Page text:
8 Georgia Driving Laws You Might Not Know
Every driver in Georgia must have car insurance. Well, that’s a no-brainer, right? That doesn’t mean you know every traffic law in the Peach State. Here are eight that might have escaped your attention altogether.
1. Georgia Slowpokes Get Tickets, Too
Sure, you know that if you put the pedal to the metal, you risk flashing lights and an invitation for a chat with a uniformed officer at the side of the road, but did you know you could also be ticketed for not driving fast enough?
The so-called Slowpoke Law was passed in 2014 in Georgia, making it a violation to impede traffic while driving in the left lane of a highway or freeway. Its purpose is to not only break through congested roads, but also reduce incidents of road rage caused by drivers who can’t get past those who seem to think they’ve bought property in the passing lane and can live there permanently.
It’s about time, I hear you say.
2. No, You Don’t Have a 10-Mile Buffer
“Don’t worry, you only get ticketed if you’re driving 10 miles over the posted speed limit,” says the driver five minutes before getting pulled over for speeding seven miles over the limit. Or three. Or maybe just a mile over, if the cop is extra picky. Or bored.
The point is, the posted speed limit is the limit. Period. While it might not be likely in most situations to be pulled over for going just a mile or two too fast, you should know that it’s possible. And you’re likely to find little sympathy in traffic court.
Also, keep in mind that a ticket for a mile over will still result in a traffic point penalty, and too many of those can lead to higher auto insurance rates.
3. GA Slowpoke, Part 2
You’re not only potentially in trouble for blocking passing traffic by slow driving in the fast lane. You could also get a ticket for driving too slowly on any Georgia road — even in the slow lane.
What’s too slow? Well, it’s something the traffic cop knows when they see it. It’s too slow if your driving is impeding traffic and causing possible driving hazards for yourself or others. The good news is, risky weather and clogged streets are taken into consideration. In fact, it’s smart to drive “too” slow when the roads are icy or when visibility is impaired as the result of adverse weather.
So … just be smart about speed, and you’ll be fine.
4. The Tires Don’t Even Have to Be Rotating to be Stopped for Texting and Driving in Atlanta
It’s illegal to text and drive. Sure. You knew that. Here’s the rub: It’s also against the law to be texting and…stopped. If you’re behind the wheel, don’t count on returning Mom’s text even if you’re stopped at a red light.
If you do, you might have to explain later how Mom cost you a ticket.
5. Move Over for That, Um, Garbage Truck
You know all about pulling over and out of the way for police cars, fire trucks, ambulances, and other red-flashing emergency vehicles, but did you also know you have the obligation to get out of the way of yellow-flashing highway vehicles?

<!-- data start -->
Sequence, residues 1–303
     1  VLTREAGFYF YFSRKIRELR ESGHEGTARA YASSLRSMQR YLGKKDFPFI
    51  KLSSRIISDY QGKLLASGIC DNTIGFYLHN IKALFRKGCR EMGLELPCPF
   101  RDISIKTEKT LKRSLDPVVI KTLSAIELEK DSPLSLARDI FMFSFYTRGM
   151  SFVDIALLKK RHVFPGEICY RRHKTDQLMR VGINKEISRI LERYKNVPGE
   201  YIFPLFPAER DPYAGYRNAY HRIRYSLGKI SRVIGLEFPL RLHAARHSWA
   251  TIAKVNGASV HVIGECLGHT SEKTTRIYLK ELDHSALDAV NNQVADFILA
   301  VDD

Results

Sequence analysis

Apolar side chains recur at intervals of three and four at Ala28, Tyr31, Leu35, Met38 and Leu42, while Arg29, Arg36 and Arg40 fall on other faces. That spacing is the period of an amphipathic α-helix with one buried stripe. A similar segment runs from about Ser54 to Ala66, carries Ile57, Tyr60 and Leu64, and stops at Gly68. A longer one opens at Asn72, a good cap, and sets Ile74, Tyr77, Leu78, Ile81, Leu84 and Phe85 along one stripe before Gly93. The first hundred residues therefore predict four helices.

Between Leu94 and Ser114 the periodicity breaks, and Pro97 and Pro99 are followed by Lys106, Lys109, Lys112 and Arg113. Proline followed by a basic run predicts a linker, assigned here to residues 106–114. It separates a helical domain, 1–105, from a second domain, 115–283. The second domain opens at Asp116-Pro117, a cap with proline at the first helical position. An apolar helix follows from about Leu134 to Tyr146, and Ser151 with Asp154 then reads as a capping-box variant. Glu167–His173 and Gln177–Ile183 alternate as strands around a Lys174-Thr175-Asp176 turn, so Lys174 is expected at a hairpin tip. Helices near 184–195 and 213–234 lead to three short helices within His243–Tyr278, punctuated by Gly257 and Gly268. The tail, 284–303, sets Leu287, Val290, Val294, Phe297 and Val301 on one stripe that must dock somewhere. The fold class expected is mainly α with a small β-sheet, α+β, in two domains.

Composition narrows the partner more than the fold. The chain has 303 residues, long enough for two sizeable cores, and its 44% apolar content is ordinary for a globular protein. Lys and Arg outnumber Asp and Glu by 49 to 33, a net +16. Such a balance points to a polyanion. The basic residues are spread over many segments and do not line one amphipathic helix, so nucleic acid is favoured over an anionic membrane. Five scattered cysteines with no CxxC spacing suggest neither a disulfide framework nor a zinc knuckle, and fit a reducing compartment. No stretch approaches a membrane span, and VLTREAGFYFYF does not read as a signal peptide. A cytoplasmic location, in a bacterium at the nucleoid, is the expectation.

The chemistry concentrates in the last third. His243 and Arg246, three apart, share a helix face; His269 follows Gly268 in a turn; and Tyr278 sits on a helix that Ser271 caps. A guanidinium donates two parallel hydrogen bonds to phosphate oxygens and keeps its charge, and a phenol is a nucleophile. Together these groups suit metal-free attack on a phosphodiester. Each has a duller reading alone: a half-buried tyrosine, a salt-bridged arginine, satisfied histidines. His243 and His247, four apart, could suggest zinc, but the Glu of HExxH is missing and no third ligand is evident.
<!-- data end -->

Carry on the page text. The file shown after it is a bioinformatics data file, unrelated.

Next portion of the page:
It’s true. The Georgia Department of Transportation has quite a range of vehicles known as Highway Emergency Response Operators, or HERO. (Cute, eh?) When any of these HERO forms of transport, including vans and garbage trucks, come up behind you with yellow lights flashing, you have the obligation to get out of the way. If you don’t, it could get expensive.
6. Cover One Ear, Sure, But Not Both While Driving
We don’t know why you’d be wearing headphones over just one ear while driving … but you can. Just make sure you’re not covering both ears with those ‘phones, or you could experience flashing lights, and maybe a siren blurt you probably won’t hear.
7. Georgians Cannot Bike Drunk Either
The State of Georgia recognizes a bicycle as a vehicle that must follow the same rules of the road as cars and other motorized vehicles. That means you can get picked up for a DUI for wobbly biking, even if it’s a controlled substance causing the wobble.
The better news, if you can call it that? Your bicycle DUI is a misdemeanor that doesn’t carry the same harsh penalties as an auto DUI and won’t affect your car insurance. It will still cost you, though.
Bicyclists must also stop at red lights and ride on the correct side of the road. Ride safely.
8. Light Up the Headlights When It Rains
Today’s cars have automatic lights when it gets dark, and it usually gets dark when it rains, so you have nothing to worry about. Right? Just let your smart car deal with it.
Um … not so much. Yes, your auto-lights will probably kick on when your Georgia sky starts drizzling, but that doesn’t control your rear lights. You need those to be turned on, too, so traffic behind you isn’t visually impaired under cloud cover. So manually turn those lights on as soon as your wipers have to get to work, even if they’re just making an occasional swipe across your glass.
The Good News: You Can Drive Barefoot in Georgia
We thought we should leave you knowing that the Peach State hasn’t gone entirely road-bossy on you. Shoes are not mandatory. So you’re welcome to drive home from the beach in nothing more than proper swimming attire. Just don’t peel down too much for driving comfort.
Even More Good News for Georgia Drivers
Your independent car insurance agent can help you find ideal coverage that fits your budget and your family’s needs.
That’s because an independent agent has established working relationships with multiple auto insurers, not just one company. So your agent can first listen to your requirements, help you figure out a budget, and then go shopping for coverage from several insurers at competitive rates.
Find Affordable Auto Coverage in Georgia Today
Your independent agent at Velox Insurance can help you figure out the rules of the road and find affordable car insurance. Call us at 855-468-3569 or get a . You can also find a nearby Georgia location here for a face-to-face meetup.